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NIMBY Stands For “not in my backyard,” a term used to describe the reaction people have to the possibility of a “locally unwanted land use” known as a LULU-being located in their communities. The term gained currency in the late 1970s and early 1990s.

Episodes like Love Canal and Times Beach created considerable fears that, if similarly unwanted uses for land were pursued in their communities, the community would suffer greatly. As the Christian Science Monitor noted in the first published reference to the term NIMBY:

People are now thoroughly alert to the dangers of hazardous chemical wastes. The very thought of having even a secure landfill anywhere near them is anathema to most Americans today. It’s an attitude referred to in the trade as NIMBY – “not in my backyard.”

This logic was then extended to any sort of facility that might lower property values, from factories, to airports, to group homes for the disabled.

The 1960s and 1970s saw remarkable social change. One of those changes was the greater likelihood that people would at least temporarily join together to fight against an undesirable change in the character of their communities. This sense of empowerment has been translated into much more active community participation in planning and zoning-but only when a community senses a threat. There is considerably less mobilization when an opportunity is presented to a community to build desirable land uses, like parks or other open space (indeed, some people consider these kinds of developments LULUs as well).

Thus, any LULU can be a “negative externality.” In economics, an externality is a benefit or a cost that accrues to nonparticipants in a transaction. For example, buyers and sellers of gasoline benefit, the buyer from having motor fuel available, the seller for being able to produce and sell the product profitably. However, a refinery in a residential neighborhood may also emit pollution, pose safety hazards, or just be too loud. The refinery therefore creates a negative externality, and the plant’s neighbors benefit from being able to buy gasoline at less than the neighbors’ cost-but pay the price of lower house values, impaired health, or the lessened enjoyment of their property-from the operation of the undesirable land use.

The challenge is in finding a way to fix the value of the externality to internalize the costs in the transaction and to compensate those suffering from the negative externality. It is often hard to find the right price to compensate people for having a prison, a factory, an airport, or a group home for disabled people located near their homes or businesses.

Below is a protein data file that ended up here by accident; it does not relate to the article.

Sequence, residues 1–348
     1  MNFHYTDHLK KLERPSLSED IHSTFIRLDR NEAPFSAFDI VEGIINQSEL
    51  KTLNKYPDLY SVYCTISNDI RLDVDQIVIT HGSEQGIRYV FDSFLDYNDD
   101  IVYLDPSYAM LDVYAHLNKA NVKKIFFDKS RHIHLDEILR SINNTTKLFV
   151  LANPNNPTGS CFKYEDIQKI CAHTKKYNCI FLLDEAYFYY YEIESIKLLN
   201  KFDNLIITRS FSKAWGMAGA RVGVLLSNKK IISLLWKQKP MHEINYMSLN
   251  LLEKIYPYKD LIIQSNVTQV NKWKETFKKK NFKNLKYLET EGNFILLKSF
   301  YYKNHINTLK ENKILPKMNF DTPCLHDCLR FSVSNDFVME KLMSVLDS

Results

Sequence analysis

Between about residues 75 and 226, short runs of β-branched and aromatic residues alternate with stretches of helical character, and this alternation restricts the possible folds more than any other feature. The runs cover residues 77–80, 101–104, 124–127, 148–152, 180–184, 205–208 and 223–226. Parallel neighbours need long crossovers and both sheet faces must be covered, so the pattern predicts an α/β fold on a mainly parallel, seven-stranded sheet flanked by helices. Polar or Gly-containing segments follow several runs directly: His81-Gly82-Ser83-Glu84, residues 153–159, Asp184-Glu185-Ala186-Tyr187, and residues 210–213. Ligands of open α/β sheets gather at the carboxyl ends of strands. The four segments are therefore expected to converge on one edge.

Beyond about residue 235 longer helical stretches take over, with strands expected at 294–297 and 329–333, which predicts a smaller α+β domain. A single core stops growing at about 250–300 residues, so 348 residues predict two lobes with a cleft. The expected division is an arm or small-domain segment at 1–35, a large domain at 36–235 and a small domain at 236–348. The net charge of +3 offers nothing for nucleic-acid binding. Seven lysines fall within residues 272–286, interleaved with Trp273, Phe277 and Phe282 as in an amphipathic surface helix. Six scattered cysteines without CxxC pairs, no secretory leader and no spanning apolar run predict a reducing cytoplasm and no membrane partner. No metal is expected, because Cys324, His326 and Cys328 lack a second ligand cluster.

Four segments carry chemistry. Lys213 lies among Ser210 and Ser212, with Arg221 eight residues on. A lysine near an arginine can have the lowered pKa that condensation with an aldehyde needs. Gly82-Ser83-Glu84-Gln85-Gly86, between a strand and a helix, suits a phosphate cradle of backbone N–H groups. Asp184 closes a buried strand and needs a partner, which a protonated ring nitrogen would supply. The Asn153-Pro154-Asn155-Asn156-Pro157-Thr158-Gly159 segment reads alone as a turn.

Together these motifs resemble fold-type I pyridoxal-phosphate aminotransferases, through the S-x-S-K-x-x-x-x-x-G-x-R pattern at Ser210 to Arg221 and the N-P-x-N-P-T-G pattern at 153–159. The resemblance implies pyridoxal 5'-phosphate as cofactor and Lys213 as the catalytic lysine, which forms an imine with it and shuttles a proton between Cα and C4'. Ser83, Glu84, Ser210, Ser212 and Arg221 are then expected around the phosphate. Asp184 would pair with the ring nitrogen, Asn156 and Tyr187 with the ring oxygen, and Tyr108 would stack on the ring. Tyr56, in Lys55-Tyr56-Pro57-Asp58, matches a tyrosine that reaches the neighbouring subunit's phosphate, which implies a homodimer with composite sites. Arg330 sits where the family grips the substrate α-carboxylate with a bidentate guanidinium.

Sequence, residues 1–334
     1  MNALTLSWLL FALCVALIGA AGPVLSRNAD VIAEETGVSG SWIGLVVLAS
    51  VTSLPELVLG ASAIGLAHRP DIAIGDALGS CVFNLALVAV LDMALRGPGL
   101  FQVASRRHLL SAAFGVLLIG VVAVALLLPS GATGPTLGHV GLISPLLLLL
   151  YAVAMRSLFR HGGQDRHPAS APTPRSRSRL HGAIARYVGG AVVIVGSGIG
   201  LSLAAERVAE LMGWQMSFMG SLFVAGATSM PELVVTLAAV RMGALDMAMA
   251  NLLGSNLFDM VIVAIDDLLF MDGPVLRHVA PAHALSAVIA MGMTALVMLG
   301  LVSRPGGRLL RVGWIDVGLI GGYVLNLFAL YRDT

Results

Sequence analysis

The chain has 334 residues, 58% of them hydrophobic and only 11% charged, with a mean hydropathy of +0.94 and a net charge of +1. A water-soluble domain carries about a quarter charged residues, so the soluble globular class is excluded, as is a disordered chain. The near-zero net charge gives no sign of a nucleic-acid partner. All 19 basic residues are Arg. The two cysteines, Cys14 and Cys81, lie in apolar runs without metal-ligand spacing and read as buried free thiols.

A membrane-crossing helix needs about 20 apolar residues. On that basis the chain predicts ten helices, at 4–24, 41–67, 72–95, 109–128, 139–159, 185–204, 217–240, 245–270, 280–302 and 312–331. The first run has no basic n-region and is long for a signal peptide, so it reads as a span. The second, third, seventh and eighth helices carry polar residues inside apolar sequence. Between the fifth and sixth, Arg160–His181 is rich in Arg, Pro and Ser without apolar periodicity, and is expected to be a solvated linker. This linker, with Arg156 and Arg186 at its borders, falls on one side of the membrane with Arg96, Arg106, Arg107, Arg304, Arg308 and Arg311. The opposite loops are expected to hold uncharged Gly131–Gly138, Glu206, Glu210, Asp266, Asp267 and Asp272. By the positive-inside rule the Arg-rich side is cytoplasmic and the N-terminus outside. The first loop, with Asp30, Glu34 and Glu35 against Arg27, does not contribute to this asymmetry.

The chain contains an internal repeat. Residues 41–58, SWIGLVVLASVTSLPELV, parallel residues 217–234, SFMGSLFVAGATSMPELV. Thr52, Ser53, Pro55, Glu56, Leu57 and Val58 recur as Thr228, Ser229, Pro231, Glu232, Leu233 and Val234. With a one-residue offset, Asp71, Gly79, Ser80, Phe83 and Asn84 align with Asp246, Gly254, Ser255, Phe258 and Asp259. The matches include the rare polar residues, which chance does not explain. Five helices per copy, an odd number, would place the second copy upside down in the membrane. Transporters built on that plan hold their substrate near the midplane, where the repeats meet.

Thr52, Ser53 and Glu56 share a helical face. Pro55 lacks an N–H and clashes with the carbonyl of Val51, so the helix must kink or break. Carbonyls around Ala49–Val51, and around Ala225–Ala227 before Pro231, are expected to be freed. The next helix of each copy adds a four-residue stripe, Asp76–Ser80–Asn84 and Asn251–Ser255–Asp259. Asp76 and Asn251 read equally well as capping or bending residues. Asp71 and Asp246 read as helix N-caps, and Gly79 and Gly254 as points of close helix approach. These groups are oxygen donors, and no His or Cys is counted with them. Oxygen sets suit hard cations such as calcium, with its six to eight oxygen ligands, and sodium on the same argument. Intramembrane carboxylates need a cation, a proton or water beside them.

Another argument runs that people need to accept these facilities in their neighborhoods as other people do, as part of the costs involved in being part of a complex, interdependent society. The problem with this argument is that neither NIMBYism nor LULUs are evenly distributed. Usually, people of wealth and other means are able to successfully resist LULUs in their community, which then often are forced into lower income, often racially segregated communities. Indeed, this phenomenon is at the heart of the “environmental justice” movement, which seeks to more fairly locate or distribute LULUs so that poorer, less powerful people and neighborhoods do not disproportionately bear the costs of these facilities.

The terms NIMBY and LULU have spawned some colorful and often highly descriptive terms, such as BANANA (build absolutely nothing anywhere near anything), NOPE (not on planet earth), and even YIMBY (yes in my backyard), a term that applies either to the positive benefit of a particular type of development in one’s “backyard” or the position taken by people who understand that the societal benefit of a LULU may be more important than the locally-felt costs.


  1. Denis J. Brion, Essential Industry and the NIMBY Phenomenon (Quorum Books, 1991);
  2. Don Coursey and Sangheon Kim, An Examination of Compensation Mechanisms to Solve the NIMBY Problem (University of Chicago, 1997);
  3. Herbert Inhaber, Slaying the NIMBY Dragon (Transaction Publishers, 1998);
  4. Emilie Travel Livezey, “Hazardous Waste,” The Christian Science Monitor (November 6, 1980);
  5. Gregory McAvoy, Controlling Technocracy: Citizen Rationality and the Nimby Syndrome (Georgetown University Press, 1999);
  6. Bryan Meadows, I.M.B.Y. (Not In My Back Yard) (Borealis Press, 2000);
  7. Barry George Rabe, Beyond Nimby: Hazardous Waste Siting in Canada and the United States (Brookings Institution, 1994).

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